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Marigold Foundation launches support group for rare disease sufferers

Some 600 different rare diseases are present in Malta, for which a cure is not available, and whose devastating effects often affect not just patients but entire families that are left with little community support

Martina Borg
17 February 2016, 1:54pm
Michelle Muscat (centre) with Sean Hepburn Ferrer, an ambassador for Rare Disease Day 2015
Michelle Muscat (centre) with Sean Hepburn Ferrer, an ambassador for Rare Disease Day 2015
The Marigold Foundation has launched a support group for people with rare diseases to reach out to those affected, and raise awareness and lobby for improved, more accessible treatment.

The foundation is helmed by Prime Minister Joseph Muscat’s wife Michelle Muscat. Muscat said the rare disease support group had been one of the causes the foundation had worked upon over the past two years.

Muscat said the alliance was being formed in honour of her mother, who had passed away some five months ago. “Sadly these illnesses often have no cure and patients have to learn to live with it, without any hope of a cure or even support in some cases,” Muscat said, explaining that such illnesses were sometimes very difficult to diagnose let alone treat.

She said that there were over 600 cases of rare diseases in Malta, which include hereditary diseases like Cystic Fibrosis, and that the group sought to give patients and their relatives a platform to interact with people going through similar experiences. The alliance would also serve to keep a record of the prevalence of rare diseases.

“We will not presume to be able to provide financial aid,” Muscat said, noting that medications were so expensive that not even governments could afford them. She said that the alliance would seek to offer any other necessary support and push for the development of medication or cheaper treatments for those in need.

A rare disease is any disease that affects a small percentage of the population.

Most rare diseases are genetic, and are present throughout a person’s entire life, even if symptoms do not immediately appear. In Europe a disease or disorder is defined as rare when it affects less than 1 in 2,000 citizens.

Rare diseases are characterised by a wide diversity of symptoms and signs that vary not only from disease to disease but also from patient to patient suffering from the same disease.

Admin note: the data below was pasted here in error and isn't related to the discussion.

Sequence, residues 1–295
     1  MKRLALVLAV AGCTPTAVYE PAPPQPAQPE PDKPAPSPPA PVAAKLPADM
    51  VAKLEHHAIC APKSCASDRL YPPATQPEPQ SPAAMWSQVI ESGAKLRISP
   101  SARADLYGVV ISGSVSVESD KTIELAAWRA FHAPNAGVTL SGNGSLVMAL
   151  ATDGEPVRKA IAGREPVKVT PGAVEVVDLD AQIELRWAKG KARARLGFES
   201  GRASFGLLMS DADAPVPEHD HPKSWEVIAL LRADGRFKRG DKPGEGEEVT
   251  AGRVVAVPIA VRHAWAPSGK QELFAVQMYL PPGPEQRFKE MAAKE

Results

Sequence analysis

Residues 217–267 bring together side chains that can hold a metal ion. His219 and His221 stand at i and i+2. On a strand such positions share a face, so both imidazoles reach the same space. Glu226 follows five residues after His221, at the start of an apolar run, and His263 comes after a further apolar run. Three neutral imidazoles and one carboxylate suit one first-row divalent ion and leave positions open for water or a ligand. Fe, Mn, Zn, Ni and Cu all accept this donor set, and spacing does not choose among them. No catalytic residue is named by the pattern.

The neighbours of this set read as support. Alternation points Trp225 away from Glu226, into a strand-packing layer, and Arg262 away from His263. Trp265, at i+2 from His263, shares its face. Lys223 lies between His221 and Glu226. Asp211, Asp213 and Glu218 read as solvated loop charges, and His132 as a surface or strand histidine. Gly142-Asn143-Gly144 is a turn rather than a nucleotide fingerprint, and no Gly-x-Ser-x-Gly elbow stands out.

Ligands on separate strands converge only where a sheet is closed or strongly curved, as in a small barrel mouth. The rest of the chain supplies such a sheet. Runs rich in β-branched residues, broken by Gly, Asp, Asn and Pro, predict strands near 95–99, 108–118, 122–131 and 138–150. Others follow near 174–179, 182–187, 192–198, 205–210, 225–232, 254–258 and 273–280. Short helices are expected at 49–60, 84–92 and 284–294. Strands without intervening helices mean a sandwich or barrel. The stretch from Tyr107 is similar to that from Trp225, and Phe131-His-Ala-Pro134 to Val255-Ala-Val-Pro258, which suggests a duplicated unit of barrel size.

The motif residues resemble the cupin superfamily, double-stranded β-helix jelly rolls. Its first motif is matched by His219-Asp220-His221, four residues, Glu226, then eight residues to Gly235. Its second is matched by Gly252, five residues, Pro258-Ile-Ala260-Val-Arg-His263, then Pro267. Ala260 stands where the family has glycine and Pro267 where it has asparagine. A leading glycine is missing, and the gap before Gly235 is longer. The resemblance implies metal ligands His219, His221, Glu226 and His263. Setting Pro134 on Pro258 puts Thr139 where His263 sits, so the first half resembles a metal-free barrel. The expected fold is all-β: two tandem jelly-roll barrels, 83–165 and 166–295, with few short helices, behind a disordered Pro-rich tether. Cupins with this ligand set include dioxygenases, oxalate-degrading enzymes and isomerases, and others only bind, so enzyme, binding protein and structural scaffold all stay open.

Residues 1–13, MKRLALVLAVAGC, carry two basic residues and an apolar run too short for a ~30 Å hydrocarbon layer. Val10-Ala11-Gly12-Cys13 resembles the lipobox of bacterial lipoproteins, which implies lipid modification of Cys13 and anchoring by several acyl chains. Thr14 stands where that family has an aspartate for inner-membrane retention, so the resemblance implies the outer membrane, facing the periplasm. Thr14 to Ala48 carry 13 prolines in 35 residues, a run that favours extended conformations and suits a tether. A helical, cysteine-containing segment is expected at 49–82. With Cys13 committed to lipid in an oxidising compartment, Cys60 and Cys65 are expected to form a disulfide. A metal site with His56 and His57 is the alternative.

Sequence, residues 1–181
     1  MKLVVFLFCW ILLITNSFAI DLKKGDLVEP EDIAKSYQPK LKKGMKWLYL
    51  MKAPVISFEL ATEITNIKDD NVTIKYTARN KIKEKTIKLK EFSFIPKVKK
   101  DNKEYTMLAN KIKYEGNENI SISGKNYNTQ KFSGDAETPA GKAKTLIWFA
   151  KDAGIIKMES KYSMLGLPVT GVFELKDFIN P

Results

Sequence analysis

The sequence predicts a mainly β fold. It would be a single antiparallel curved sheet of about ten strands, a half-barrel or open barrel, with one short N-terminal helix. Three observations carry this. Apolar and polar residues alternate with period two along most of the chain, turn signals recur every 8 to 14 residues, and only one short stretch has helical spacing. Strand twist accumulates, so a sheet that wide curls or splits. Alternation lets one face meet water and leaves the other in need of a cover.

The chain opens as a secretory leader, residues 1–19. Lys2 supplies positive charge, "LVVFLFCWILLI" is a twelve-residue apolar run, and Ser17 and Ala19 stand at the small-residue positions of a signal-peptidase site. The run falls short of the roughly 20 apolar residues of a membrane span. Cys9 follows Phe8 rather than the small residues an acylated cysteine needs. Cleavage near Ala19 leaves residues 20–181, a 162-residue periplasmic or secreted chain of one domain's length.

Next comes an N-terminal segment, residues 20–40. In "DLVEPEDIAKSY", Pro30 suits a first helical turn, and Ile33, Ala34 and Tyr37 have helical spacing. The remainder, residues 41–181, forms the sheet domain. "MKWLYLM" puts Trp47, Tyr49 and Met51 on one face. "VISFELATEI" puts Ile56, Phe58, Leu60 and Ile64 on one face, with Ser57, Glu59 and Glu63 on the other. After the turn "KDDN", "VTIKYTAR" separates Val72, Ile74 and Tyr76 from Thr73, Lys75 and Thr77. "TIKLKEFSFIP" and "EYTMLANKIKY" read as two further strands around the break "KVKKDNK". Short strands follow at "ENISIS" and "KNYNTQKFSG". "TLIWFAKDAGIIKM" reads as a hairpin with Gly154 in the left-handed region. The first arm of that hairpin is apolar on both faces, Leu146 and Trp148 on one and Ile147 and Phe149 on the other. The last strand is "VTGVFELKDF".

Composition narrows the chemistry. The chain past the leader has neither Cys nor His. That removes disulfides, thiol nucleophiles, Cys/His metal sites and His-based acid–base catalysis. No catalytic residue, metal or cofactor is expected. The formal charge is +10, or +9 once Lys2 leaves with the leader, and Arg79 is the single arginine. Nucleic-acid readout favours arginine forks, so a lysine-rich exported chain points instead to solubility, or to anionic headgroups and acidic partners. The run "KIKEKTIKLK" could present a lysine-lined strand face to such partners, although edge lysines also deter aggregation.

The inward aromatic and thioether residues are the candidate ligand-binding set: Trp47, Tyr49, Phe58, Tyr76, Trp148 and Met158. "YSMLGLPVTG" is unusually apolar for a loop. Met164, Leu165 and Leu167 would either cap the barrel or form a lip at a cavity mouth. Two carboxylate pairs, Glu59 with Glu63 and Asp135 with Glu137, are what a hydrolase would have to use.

Relatively common symptoms can hide underlying rare diseases, leading to misdiagnosis.

While an individual disease might be labeled as “rare”, the total number of persons in Europe suffering from one of the over 6,000 different identified rare diseases is estimated at over 30 million.

Rare diseases not only affect the person diagnosed – they also impact families, friends, caretakers and society as a whole. An individual rare disease may affect only one person in a million, but all together, rare disease patients comprise 6% to 8% of the EU population.

Rare Disease Day 2015 Ambassador Sean Hepburn Ferrer – son of famous Hollywood actress Audrey Hepburn, who passed away from a rare type of cancer, Pseudomyxoma adenocarcinoma – was also present. “Out of my own experience, my family had felt isolated and helpless because we couldn't offer help or comfort despite all the work she had done in her own life to make people’s lives better,” he said, adding that the possibility of sharing this experience would have been a great comfort to him and to his family.

“Over 50% of these rare diseases are related to genetics,” he said, adding that although the rare diseases alliance could not work miracles, it could be conducive to a better future and a better understanding of these diseases. “Due to the acceleration of technlogy, I thnk we will be able to start to access the genomes behind these rare diseases sooner than we think,” he said. 

Martina Borg focuses on lifestyle and society issues
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